The artists chosen for these initial seven sculptures are Charles Dickson, Melvin Edwards, Maren Hassinger, Artis Lane, Alison Saar, Kehinde Wiley, and Brenna Youngblood, each of whom has lived or worked in South LA at some point during their lives.

The origins of Destination Crenshaw are rooted in community concerns over the predicted impact of the Metro Crenshaw/LAX light rail line that will run through Leimert Park and Inglewood, currently under construction. Despite requests that the line be placed underground, a major stretch down Crenshaw was slated to be “at grade,” meaning it would run right down the middle of the street, alongside cars, bicycles, and pedestrians. Destination Crenshaw was conceived of as “a reparative development project” to counter the feared detrimental effects to the community, both the physical disruption of the street and the potential for gentrification. “Its mission is nothing less than to place a cultural stamp of Blackness on Crenshaw Boulevard,” its website states. 

View of Destination Crenshaw’s Sankofa Park featuring design for Maren Hassinger’s sculpture “An Object of Curiosity, Radiating Love”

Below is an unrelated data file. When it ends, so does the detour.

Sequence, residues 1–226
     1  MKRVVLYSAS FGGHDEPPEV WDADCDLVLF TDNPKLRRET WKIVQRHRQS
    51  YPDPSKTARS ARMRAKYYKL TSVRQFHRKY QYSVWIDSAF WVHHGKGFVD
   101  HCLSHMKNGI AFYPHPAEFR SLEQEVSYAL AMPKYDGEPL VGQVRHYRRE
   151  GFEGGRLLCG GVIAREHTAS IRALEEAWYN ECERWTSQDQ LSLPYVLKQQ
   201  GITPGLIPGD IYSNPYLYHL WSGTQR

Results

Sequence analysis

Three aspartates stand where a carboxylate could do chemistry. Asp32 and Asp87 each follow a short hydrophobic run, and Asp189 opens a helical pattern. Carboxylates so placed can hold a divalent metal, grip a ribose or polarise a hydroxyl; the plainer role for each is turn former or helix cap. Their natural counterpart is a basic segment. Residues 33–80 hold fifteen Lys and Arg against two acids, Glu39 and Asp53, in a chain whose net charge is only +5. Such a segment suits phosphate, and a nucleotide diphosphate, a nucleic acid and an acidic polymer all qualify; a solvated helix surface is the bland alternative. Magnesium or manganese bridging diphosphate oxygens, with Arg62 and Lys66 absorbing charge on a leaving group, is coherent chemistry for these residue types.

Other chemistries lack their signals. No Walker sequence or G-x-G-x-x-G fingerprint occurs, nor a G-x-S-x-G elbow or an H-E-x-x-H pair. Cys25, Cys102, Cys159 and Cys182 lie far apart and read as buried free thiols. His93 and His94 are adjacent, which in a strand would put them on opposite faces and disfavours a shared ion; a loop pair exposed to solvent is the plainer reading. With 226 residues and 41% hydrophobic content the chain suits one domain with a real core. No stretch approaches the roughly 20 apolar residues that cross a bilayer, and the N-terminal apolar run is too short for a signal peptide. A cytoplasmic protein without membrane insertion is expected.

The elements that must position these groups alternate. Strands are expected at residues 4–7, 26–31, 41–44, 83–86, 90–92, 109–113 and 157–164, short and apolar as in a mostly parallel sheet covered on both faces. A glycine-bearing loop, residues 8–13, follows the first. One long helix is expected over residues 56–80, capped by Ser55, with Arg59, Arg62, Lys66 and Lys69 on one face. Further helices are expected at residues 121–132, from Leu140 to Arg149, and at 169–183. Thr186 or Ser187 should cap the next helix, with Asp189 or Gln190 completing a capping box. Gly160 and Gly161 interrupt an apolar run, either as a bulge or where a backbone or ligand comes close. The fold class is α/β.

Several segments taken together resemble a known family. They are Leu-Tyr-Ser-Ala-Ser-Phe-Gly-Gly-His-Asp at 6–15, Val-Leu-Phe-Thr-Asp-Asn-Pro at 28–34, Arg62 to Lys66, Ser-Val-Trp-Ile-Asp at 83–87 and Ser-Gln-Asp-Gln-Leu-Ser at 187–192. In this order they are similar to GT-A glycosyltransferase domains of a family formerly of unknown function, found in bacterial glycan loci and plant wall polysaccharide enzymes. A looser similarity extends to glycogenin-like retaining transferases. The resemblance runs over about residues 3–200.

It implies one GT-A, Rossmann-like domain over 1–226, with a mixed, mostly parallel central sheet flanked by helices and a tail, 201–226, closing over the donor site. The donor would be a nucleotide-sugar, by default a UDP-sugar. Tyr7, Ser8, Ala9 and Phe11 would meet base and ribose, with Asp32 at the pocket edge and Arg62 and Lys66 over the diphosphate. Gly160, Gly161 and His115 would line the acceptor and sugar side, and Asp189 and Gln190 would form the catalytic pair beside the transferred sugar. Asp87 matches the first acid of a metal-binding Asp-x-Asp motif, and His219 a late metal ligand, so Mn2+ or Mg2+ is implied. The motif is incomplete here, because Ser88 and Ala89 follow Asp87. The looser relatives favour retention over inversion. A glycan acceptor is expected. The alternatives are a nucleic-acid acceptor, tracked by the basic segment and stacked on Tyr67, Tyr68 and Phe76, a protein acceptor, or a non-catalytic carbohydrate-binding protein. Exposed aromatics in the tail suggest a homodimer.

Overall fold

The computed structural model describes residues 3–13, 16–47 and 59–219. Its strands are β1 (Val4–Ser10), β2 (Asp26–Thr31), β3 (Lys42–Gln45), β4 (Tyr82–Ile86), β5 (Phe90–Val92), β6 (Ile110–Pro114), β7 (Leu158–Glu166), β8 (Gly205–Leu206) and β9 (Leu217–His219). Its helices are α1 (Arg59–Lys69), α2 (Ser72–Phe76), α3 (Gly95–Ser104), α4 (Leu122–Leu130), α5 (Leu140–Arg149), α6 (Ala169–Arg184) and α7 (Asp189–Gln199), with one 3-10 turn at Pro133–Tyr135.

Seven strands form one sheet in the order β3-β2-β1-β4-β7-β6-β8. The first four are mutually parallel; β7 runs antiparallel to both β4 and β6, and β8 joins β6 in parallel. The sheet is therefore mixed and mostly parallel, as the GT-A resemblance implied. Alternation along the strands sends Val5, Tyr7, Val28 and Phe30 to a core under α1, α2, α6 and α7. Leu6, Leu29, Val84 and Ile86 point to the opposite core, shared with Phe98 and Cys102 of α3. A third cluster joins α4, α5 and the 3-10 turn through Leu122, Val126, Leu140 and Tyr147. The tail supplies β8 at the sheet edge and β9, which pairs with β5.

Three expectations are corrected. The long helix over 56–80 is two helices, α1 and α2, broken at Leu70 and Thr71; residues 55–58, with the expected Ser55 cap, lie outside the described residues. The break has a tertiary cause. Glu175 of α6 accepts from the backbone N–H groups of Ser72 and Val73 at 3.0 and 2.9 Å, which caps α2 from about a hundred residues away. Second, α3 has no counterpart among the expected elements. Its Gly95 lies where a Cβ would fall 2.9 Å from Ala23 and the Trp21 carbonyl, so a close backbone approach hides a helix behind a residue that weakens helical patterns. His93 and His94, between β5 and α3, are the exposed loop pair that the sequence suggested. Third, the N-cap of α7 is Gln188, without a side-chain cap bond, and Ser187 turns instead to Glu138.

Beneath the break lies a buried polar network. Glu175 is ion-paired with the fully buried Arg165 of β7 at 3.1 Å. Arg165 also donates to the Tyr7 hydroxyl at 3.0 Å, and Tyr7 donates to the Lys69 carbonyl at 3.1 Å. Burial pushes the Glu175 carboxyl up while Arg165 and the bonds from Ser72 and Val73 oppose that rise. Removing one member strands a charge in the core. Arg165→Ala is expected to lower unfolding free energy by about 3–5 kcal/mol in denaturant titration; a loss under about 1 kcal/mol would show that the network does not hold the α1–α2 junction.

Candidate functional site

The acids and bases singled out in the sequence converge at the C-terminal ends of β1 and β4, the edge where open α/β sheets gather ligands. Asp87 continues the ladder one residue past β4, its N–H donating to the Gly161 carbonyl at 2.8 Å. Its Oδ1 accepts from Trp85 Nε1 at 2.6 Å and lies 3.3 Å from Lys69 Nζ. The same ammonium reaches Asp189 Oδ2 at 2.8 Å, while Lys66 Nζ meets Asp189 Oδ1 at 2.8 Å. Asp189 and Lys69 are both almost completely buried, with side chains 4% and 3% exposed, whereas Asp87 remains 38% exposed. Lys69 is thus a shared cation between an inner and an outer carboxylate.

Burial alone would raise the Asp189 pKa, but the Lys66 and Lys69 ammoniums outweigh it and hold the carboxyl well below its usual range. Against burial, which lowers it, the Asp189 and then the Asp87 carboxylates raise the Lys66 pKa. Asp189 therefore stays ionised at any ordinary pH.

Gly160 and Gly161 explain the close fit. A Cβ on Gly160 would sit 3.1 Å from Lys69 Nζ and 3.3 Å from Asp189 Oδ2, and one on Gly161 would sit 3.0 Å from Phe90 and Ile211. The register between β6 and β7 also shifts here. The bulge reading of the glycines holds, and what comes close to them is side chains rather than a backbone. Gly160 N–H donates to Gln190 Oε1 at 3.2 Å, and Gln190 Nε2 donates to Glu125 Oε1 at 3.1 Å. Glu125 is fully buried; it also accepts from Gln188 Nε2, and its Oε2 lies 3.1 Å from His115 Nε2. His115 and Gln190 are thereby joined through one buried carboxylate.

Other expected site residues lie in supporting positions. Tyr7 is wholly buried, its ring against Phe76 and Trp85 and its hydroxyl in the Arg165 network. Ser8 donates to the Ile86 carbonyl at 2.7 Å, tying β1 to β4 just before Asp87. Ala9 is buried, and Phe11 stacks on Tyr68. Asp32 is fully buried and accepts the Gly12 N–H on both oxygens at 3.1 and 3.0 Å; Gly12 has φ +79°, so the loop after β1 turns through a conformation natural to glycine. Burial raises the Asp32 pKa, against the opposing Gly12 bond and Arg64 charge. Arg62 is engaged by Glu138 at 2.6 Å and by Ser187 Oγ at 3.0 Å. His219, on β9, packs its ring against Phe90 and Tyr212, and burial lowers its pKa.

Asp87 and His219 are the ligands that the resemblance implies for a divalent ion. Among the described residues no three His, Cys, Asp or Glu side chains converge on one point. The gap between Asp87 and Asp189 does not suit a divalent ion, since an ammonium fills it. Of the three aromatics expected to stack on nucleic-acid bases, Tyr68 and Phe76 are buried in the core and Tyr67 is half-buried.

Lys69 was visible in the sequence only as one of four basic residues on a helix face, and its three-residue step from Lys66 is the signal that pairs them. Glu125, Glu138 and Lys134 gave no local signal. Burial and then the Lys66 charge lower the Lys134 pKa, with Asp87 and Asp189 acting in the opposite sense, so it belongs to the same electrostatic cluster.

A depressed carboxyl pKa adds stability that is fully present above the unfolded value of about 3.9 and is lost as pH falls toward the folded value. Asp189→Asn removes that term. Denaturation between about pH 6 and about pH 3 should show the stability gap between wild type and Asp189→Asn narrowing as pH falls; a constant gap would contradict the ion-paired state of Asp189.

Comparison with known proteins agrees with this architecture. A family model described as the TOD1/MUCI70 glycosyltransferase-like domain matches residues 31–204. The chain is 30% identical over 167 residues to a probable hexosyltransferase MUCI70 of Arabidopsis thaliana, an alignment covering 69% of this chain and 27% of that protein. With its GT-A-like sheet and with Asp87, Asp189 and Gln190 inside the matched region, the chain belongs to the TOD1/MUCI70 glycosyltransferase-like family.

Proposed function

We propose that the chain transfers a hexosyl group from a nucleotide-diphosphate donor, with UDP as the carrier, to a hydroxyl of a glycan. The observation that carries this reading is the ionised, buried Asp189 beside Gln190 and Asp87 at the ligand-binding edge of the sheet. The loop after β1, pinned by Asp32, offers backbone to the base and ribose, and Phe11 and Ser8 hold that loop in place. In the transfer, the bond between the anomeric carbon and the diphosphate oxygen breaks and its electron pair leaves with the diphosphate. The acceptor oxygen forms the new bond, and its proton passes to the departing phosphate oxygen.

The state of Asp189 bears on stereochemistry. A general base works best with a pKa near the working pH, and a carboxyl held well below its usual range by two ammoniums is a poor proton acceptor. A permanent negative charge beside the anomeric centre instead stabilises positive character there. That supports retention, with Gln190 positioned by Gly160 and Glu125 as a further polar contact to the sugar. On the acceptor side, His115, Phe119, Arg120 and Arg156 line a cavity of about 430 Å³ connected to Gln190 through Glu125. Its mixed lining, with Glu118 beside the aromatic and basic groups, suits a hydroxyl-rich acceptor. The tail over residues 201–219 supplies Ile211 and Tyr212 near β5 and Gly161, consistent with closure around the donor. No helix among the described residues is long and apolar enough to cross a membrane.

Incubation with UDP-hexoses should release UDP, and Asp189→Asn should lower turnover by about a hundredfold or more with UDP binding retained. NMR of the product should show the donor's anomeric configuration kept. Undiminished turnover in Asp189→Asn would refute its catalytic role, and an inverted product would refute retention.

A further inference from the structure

Four of the artworks, by Dickson, Hassinger, Lane, and Wiley, will be installed at the northern end of Destination Crenshaw, in Sankofa Park, named for the symbolic Ghanian bird that flies toward the future while looking towards the past. LA native Dickson, who lives and works in Compton, will contribute “Car Culture,” a trio of figures based on West African Senufo ceremonial objects topped by automotive parts. “An Object of Curiosity, Radiating Love” by Maren Hassinger is a large pink sphere that glows pink when approached. Hassinger grew up in Leimert Park, and began her career alongside fellow multidisciplinary African-American artists in LA like David Hammons and Senga Nengudi.

Both Artis Lane and Kehinde Wiley will reimagine traditional European statuary to reflect the neighborhood’s Black history and community. Lane’s “Emerging First Man” is a larger-than-life Black male figure cast in bronze, representing spiritual rebirth through adversity. Wiley, who grew up in South Central, will contribute an equestrian statue featuring a West African woman riding forward while glancing behind her, in the mode of the Sankofa bird. This can be considered something of a homecoming for Wiley, who was chosen for the Metro Young Artists program as a teen.

View of Sankofa Park featuring design for Artis Lane’s sculpture “Emerging First Man” (rendering by Perkins&Will, courtesy Destination Crenshaw)